4. Hi Betty, I’m glad to know that you like the Fil Tire’ and Fancywork designs. My dear friend Suzanne Sawko digitized the designs and I edited and wrote the directions. The collections are available from me, either sent as an e-mail attachment for on a cd send through USPS. There are three collections, each with the opening title of Fil Tire’ and Fancywork.

    FTFW Elements includes the block of fil tire’ that was on the closed web site. This block can be used in place of any fabric in an applique’ design. There are also some rectangular fil tire’ blocks with BABY embroidered on it. There are also some basic applique’ shapes, including the antique baby carriage, as well as individual designs like the handwork-look flowers, tendrils, yo-yo’s by machine and much more. The individual tiny flowers are sweet between buttonholes, as on Laurel’s Easter dress.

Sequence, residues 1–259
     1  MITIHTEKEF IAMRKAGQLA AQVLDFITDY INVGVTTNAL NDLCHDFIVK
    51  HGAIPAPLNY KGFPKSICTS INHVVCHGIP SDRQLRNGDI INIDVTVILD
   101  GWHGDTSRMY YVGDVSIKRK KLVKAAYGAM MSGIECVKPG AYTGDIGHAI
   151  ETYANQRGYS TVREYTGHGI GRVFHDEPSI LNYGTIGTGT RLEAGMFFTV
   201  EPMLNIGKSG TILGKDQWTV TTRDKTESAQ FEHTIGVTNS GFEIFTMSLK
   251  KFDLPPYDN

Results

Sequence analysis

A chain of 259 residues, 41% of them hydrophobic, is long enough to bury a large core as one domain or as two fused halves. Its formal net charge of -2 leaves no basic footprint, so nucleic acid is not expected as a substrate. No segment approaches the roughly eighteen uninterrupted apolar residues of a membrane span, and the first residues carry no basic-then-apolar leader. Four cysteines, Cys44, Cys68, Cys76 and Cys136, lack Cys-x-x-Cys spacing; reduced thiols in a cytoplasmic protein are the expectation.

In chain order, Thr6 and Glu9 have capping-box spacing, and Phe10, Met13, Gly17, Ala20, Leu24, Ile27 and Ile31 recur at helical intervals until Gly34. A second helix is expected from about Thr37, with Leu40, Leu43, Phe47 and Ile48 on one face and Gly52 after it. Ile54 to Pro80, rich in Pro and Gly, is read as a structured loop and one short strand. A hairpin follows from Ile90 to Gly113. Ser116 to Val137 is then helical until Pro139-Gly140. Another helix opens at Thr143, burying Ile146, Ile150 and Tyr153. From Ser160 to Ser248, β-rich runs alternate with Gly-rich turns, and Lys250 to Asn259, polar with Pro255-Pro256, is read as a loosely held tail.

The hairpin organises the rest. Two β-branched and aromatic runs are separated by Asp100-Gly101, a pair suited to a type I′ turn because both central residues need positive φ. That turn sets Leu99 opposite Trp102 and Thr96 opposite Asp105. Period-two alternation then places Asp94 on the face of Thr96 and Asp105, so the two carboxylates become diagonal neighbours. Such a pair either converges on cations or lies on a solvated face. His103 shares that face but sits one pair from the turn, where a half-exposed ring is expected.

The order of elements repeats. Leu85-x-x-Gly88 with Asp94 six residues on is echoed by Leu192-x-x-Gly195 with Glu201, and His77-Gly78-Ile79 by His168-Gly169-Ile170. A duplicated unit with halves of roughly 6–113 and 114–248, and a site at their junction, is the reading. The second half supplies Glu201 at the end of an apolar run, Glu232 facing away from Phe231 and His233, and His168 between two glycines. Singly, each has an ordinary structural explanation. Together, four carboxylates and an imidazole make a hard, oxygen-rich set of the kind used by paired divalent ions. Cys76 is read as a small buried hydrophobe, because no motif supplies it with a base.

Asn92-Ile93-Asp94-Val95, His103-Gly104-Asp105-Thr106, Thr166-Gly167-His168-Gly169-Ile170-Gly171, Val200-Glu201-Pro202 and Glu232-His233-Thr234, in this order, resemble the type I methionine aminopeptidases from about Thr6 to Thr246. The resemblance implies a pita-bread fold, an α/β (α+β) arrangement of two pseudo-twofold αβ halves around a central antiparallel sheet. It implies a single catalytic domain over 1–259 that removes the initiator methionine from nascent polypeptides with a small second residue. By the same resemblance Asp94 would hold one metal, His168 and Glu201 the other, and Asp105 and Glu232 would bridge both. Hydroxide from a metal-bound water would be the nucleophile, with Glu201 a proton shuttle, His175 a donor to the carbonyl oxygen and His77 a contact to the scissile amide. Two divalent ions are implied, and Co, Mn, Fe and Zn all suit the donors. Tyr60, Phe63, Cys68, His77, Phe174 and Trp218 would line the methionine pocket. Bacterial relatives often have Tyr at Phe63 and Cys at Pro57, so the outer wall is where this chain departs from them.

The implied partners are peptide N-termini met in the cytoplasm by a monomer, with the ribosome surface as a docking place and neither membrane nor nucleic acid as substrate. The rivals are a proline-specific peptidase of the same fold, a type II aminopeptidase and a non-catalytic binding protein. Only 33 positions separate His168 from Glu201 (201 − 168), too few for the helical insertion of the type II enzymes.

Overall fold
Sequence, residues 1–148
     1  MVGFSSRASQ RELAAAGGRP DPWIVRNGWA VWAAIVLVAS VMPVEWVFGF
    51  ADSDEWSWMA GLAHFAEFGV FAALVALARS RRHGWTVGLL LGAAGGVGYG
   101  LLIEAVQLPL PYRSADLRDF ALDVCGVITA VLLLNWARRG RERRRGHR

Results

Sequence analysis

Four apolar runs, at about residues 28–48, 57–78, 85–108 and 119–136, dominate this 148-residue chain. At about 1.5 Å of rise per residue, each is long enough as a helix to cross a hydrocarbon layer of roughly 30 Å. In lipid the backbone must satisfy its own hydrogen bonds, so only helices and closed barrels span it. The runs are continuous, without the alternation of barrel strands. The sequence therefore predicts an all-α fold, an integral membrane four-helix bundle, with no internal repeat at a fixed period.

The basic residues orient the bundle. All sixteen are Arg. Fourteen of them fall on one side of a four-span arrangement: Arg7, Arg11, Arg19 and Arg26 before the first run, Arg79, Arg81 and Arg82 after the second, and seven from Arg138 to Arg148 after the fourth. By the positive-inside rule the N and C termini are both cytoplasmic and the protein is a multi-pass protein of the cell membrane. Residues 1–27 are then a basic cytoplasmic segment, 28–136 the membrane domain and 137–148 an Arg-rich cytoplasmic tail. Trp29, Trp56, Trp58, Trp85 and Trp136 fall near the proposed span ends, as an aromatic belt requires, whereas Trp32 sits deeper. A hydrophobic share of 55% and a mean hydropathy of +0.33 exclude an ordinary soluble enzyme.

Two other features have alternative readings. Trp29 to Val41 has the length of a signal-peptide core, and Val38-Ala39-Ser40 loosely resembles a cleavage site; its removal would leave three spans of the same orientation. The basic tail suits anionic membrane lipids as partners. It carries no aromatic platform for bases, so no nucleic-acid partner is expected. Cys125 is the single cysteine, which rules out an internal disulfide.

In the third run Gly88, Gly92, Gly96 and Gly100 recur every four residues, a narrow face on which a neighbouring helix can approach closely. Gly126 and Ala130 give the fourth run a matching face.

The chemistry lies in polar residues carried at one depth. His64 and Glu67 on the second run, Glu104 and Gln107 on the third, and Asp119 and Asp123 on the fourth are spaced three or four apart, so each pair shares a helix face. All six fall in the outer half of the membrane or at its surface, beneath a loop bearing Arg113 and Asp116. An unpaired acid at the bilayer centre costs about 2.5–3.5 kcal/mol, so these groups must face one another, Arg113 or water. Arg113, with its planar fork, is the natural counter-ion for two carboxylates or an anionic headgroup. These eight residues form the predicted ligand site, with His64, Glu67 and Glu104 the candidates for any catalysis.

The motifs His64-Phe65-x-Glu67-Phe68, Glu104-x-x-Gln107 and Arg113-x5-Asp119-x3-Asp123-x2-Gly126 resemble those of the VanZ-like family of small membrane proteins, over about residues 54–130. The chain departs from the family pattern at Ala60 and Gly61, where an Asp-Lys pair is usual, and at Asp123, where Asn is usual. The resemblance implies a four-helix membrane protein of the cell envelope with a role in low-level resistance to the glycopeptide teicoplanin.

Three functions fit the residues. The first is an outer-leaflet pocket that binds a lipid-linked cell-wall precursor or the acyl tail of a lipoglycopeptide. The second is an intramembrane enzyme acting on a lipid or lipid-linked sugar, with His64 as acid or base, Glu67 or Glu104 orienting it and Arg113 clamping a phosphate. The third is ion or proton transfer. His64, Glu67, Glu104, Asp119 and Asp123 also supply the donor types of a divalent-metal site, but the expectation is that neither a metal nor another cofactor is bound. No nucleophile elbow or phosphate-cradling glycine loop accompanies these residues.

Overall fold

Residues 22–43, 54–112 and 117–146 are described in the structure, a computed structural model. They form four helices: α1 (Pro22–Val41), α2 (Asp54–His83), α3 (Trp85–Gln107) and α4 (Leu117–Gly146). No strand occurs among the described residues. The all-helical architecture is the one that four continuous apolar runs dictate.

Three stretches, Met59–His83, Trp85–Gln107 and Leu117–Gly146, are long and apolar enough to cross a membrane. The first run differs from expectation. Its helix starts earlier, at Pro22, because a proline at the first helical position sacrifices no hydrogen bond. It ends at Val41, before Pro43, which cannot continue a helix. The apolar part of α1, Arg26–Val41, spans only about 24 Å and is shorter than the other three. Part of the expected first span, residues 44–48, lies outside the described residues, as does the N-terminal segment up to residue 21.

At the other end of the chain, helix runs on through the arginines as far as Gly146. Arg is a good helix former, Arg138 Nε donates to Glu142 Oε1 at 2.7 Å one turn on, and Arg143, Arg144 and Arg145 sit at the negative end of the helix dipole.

FTFW Combinations has fil tire’ already built into designs, for instance the shape of a heart, crescents and a small circle surrounded by the handwork flowers. Some are suitable for continuous hoop, creating borders of unlimited size.

    FTFW Frames and Phrases is a set of frames, with and without text, such as Home, Sweet Home, God Bless America, and much more.
    The collections are priced for e-mail delivery or USPS shipment. I accept personal checks, money orders or Paypal.

    Let me know if you would like me to send scans of the sew-outs.
    I’m glad to hear that you have Carol’s book. It is such a wealth of information and includes such good instructions and photos. Thanks for writing, Betty.

    P.S. The collections are only offered in .pes. I cannot convert to .shv for your Designer SE.

    Elements $30/$35
    Combinations $40-$45
    Frames and Phrases $30/$35

Leave a Reply

Your email address will not be published. Required fields are marked *

This site uses Akismet to reduce spam. Learn how your comment data is processed.